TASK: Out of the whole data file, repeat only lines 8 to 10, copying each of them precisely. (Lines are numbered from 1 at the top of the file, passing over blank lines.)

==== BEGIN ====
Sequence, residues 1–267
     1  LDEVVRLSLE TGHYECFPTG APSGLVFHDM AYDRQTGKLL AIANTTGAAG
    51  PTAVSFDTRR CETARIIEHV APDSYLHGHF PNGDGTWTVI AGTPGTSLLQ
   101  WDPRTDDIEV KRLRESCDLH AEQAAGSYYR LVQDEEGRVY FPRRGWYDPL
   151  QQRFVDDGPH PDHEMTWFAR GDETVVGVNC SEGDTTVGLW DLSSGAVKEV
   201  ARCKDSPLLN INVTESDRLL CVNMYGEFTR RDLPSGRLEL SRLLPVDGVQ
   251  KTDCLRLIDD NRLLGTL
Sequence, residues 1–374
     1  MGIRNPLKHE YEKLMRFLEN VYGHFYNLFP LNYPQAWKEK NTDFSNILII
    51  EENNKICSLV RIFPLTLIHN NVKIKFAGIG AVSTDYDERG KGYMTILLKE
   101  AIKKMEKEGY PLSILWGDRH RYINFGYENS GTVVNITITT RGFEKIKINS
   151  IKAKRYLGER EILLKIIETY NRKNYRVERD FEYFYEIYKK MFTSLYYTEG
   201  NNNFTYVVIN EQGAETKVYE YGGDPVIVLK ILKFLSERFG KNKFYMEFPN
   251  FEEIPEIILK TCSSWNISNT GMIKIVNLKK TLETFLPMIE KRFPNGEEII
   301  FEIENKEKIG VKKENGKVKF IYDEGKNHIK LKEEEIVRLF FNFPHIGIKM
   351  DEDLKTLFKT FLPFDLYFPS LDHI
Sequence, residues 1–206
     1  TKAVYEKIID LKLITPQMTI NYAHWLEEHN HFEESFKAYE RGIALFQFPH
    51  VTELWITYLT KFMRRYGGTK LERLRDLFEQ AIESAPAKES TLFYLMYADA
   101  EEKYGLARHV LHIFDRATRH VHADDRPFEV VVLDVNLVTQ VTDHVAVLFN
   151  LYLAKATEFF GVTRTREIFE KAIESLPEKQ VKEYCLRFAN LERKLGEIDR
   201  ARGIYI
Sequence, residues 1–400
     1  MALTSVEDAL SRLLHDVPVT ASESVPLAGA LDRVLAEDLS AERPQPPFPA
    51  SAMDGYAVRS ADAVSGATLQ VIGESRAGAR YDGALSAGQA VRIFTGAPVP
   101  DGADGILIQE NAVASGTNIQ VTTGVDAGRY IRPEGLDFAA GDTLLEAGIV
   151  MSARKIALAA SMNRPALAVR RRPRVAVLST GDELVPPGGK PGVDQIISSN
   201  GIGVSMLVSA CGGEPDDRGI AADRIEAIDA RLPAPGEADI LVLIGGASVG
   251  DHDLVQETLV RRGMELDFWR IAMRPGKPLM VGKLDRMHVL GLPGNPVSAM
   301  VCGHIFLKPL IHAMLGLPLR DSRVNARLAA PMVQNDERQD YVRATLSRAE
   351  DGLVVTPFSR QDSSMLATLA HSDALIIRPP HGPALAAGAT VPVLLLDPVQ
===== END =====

Sequence, residues 1–374
     1  MGIRNPLKHE YEKLMRFLEN VYGHFYNLFP LNYPQAWKEK NTDFSNILII
    51  EENNKICSLV RIFPLTLIHN NVKIKFAGIG AVSTDYDERG KGYMTILLKE